Roku4After this revelation, the next problem arose as to the “break away” from the cable company. I sat back and watched, through Poker Central, some of the action from the Global Poker League on the Roku 3 during the afternoon and got a bit restless. Taking a look around, there were very few free streaming channels that you could find to actually watch any type of substantive programming (PBS is good for this and free, but fun isn’t the first thing you think of with PBS). To be able to have any selection to be able to choose from, you had to have access to something like Netflix, Amazon Prime Video or Hulu Plus, each of which charge a monthly fee for access.

These three are the “power brokers” in the new streaming world (“streaming” being whether you watch on your cellphone, your computer or through a device like the Roku) and could have a seismic impact on the shape of the television world in the future. They have already had an impact on programming, beginning to offer their own scripted television shows that have garnered critical acclaim (at the expense of the traditional television networks). But would people actually move to a piecemeal system like this over the traditional cable system?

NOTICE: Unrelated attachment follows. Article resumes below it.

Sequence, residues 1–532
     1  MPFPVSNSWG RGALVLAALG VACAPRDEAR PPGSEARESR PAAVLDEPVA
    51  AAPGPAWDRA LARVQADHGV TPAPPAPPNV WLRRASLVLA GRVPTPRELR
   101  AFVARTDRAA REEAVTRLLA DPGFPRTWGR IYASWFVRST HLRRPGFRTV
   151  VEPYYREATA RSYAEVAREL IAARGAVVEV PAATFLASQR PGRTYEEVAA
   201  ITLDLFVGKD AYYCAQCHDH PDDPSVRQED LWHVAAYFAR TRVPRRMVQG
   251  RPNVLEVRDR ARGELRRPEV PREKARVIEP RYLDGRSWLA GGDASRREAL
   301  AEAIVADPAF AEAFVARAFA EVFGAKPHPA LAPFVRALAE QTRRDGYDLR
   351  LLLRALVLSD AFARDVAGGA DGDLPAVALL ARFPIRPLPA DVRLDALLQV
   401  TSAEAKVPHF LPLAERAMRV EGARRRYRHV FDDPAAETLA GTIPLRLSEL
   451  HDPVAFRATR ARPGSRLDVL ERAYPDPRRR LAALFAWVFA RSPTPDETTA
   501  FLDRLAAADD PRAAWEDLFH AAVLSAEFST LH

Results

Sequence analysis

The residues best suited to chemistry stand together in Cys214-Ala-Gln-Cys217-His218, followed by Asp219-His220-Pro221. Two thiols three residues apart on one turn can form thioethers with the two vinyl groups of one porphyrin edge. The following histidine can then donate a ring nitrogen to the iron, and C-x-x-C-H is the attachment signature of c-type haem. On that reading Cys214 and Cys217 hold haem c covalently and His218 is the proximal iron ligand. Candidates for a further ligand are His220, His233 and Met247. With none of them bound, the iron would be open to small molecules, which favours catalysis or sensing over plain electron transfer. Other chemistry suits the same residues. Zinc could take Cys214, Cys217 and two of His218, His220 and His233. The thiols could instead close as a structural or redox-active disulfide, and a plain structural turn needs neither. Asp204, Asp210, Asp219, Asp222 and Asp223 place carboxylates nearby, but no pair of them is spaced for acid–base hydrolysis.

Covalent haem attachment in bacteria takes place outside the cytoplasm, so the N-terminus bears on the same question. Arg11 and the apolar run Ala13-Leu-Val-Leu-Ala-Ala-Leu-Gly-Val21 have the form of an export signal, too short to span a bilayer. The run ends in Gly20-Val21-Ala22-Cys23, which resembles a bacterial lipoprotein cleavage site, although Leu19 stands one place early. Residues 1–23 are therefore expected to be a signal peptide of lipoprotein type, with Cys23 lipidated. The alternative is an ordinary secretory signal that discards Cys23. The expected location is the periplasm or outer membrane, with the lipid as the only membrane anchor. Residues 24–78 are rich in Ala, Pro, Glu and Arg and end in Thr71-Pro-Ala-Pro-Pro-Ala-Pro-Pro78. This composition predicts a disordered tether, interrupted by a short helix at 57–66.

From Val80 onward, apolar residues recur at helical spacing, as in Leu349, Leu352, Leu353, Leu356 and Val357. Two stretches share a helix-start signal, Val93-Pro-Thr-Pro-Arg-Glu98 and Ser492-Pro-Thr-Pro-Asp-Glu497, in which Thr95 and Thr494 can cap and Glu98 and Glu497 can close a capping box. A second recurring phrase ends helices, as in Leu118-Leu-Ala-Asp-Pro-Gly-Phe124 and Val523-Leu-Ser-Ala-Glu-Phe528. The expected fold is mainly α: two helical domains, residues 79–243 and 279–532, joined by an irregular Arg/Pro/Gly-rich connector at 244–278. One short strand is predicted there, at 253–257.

Some studies suggest that the bundled channel system that cable companies use actually save customers money rather than cost them more, and there’s some evidence to suggest that they may be right. If your cable company offers a basic cable package for $20 per month (and that’s about as base as it gets in many areas, pretty much offering the local channels and a few other stations like the Weather Channel, CNN, ESPN and others), that is normally what people will watch; where people get irritated is when they have 300 channels and nothing is on. With the streaming outlets, you pay somewhere along the lines of $9 a month for Netflix or Hulu (Amazon Prime is $99 per year), but you might have to pay $4.99 for this station to get access over your streaming device and another $4.99 to access another station…it begins to mount up if you have several access points.

Then there is the factor of live sports. Pretty much every sports league has some sort of live package where you can watch every game from the league (except the National Football League; at this time, the NFL Sunday Ticket package is still the domain of DirecTV, although you can pay to be able to watch, on a tape-delayed basis, the NFL games the next day). These packages can range in cost up to $129…if you put that together for baseball, basketball, hockey and hell, let’s say the NFL comes around and does it too, it’s over $500 per year. That’s not counting any NCAA collegiate games, NASCAR, Formula 1, Indy Car, Major League Soccer, Premier League…you might be getting my point by now.

ESPN Plaza - Bristol CT